One of the first things Tim Kiely did when he began producing TNT’s Inside the NBA in 1995 was turn off the prompter.
After an admittedly bad show, longtime host Ernie Johnson threw and shattered his coffee mug in the studio out of frustration. The next morning, sitting on Johnson’s desk, courtesy of Kiely, was a new mug emblazoned with the words, “Postal Worker Needed.”
Five Emmys and nearly two decades later, Kiely and Inside the NBA continue to deliver. Kiely, now 54, had a vision for Inside, which returned Oct. 28 for the start of the 2014-15 NBA season. Teasing, pranks and jokes are just as integral as the analysis. Kiely likens it to needling friends at a sports bar. When Charles Barkley mispronounces a word or Kenny Smith contradicts himself, the nature of the show is not to ignore the gaffes so much as embrace them.
“That’s the heart of the show,” says Kiely, now the VP of production and executive producer at Turner Sports. “We will point out mistakes and make fun of them.”
Johnson says the loose, improvised style of the show might scare other producers. “The show kind of takes its personality from Tim, because he feels comfortable having it be a spontaneous, off-the-cuff, unrehearsed show,” Johnson says.
Kiely implemented two rules for the show. Rule 1: Never look at the cameras.
After stints at WTAE-TV Pittsburgh and ESPN, Kiely landed at Turner in 1995 with the freedom to experiment. “For him, no approach is out of bounds,” says Craig Barry, senior VP of production and executive creative director at Turner Sports. “No idea is a bad idea. The execution of the show is a direct reflection of him.”
Kiely drew inspiration from freeform talk shows The Sports Writers on TV and The McLaughlin Group in addition to his experience playing football in high school and in college at Columbia. “Having been an athlete, I wanted to recreate what the locker room was like without curse words,” he says.
Kiely, who also produces Turner’s studio shows for the MLB Playoffs, NCAA Men’s Basketball Tournament, the PGA Championships and NASCAR, has been around professional athletes his whole life. His father did PR for the NFL’s Pittsburgh Steelers. As a 14-year-old ball boy, Kiely was handed a list of the players being cut each Monday and had to tell each of them to report to Coach Noll’s office. Kiely saw first-hand that pro athletes were just regular people with feelings.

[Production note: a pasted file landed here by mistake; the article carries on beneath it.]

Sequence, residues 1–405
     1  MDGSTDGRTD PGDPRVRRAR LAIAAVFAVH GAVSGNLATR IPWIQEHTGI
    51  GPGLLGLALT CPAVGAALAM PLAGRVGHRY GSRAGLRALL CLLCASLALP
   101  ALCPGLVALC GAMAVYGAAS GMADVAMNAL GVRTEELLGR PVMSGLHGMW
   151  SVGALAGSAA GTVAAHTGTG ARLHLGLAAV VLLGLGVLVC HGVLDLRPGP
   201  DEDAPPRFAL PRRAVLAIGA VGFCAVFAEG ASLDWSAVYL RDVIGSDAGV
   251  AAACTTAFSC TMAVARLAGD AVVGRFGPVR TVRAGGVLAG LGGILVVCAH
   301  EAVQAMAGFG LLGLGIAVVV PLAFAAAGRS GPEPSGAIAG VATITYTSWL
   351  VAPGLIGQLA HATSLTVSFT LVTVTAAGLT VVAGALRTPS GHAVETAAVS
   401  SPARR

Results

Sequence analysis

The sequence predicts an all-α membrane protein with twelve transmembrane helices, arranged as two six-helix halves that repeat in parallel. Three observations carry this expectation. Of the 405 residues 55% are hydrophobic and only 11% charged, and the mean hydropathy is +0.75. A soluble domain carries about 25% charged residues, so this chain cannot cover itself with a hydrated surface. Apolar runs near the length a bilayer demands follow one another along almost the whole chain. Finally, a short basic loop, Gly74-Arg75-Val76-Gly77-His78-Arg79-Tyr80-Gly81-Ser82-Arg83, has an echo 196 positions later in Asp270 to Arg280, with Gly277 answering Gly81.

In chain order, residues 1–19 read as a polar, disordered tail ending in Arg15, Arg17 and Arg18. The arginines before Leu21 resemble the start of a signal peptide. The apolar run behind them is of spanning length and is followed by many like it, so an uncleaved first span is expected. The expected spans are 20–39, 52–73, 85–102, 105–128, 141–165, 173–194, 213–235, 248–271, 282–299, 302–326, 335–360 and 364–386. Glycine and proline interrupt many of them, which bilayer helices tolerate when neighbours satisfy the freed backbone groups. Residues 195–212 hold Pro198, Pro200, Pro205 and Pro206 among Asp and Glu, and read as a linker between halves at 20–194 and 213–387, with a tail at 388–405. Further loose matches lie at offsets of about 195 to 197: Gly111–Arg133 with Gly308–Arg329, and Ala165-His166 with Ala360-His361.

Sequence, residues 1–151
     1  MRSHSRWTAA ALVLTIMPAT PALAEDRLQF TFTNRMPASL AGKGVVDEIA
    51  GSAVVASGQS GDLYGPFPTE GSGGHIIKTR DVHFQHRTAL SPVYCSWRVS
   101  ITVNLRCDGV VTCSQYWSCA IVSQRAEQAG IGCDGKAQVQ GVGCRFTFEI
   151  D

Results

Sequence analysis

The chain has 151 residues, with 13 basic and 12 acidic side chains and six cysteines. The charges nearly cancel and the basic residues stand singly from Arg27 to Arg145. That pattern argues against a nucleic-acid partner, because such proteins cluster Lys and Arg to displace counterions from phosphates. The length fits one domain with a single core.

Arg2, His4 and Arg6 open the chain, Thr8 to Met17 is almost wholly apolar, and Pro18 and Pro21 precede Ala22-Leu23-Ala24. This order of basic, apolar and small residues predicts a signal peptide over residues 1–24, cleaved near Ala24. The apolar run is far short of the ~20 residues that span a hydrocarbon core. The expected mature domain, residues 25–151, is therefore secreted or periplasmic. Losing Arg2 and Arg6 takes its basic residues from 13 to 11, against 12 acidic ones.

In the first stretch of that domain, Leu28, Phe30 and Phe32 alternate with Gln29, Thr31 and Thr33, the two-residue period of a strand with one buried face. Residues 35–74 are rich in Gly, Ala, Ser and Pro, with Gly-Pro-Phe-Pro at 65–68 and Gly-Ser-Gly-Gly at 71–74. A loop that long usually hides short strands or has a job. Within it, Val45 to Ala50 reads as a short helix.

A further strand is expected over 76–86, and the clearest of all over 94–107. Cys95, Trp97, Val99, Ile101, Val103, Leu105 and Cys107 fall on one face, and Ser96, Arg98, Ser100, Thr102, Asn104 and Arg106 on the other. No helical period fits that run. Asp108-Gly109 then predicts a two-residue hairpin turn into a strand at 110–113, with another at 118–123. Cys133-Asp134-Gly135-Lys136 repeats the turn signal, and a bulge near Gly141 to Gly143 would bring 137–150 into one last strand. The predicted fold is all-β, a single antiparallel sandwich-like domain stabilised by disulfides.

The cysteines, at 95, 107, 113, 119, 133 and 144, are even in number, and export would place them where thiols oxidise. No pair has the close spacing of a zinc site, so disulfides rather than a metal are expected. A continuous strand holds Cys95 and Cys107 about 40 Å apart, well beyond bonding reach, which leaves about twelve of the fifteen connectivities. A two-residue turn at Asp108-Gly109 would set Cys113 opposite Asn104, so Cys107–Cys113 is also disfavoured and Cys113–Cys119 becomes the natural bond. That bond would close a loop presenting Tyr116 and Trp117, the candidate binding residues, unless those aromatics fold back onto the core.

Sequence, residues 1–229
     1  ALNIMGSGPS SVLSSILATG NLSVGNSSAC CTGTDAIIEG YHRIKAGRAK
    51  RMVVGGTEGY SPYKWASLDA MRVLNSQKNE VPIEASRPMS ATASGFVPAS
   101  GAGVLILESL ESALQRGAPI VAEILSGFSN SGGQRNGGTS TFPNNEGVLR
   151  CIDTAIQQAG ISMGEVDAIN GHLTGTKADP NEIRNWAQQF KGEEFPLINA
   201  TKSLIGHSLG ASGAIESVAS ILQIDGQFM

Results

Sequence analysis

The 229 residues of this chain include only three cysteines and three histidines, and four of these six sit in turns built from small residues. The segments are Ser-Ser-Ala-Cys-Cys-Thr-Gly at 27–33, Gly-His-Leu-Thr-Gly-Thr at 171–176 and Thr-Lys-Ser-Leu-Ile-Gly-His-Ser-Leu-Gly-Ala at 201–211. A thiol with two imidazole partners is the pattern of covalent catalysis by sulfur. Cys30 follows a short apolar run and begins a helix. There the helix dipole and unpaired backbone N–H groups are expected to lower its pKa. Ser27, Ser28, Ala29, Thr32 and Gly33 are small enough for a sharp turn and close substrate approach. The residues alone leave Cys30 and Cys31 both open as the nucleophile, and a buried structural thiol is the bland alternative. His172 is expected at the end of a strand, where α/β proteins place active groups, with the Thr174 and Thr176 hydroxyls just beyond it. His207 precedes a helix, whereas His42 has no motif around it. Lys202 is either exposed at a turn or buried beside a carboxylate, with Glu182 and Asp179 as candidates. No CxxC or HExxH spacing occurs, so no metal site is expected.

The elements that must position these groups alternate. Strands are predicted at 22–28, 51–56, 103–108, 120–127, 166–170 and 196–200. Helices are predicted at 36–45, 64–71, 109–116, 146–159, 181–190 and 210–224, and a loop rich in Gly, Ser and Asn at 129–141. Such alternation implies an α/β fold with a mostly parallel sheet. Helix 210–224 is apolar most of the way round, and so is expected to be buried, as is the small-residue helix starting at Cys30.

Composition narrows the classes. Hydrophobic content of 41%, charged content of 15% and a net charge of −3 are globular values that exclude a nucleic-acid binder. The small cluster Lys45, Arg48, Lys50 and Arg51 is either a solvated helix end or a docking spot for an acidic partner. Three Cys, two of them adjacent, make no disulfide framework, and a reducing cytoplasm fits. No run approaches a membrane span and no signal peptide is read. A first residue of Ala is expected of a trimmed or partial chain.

So in the studio, Kiely strives to put the athletes at ease. He recognizes how they see cameras: as a red flag, a signal to be careful with what they say or do. He wants his analysts to be comfortable, not worried about where to look.
“I want them to talk to each other,” Kiely says. “Once you look at cameras, you lose the conversation.”
“The guys point-blank trust him emphatically,” Barry says. “If he says it’ll be good TV this way or it’ll work, they’ll do it. They want to do it.”
If the athletes seem to go off-script, it’s because there isn’t one — thanks to rule 2: No on-air analysts in the rundown meetings. “I want them un-rehearsed and spontaneous,” Kiely says.
Of course, there’s also another reason for that. “We spend more time in those meetings figuring out how we can torture those guys than the X’s and O’s of basketball,” Kiely admits.
There was the time they shut Barkley out of the studio by turning it into a champions club at halftime (since Barkley famously never won an NBA title). And the time when Smith, returning from paternity leave, competed with Barkley in an impromptu diaper changing contest.
The pranks add to the familial atmosphere. “It’s just like the four of us are sitting in the living room,” Johnson says.
But make no mistake — in this living room, Kiely controls the remote.
“When you ride a horse, the horse can tell if he’s being ridden or if he’s in charge,” Johnson says. “The horse never has any doubt that Tim’s in charge.”
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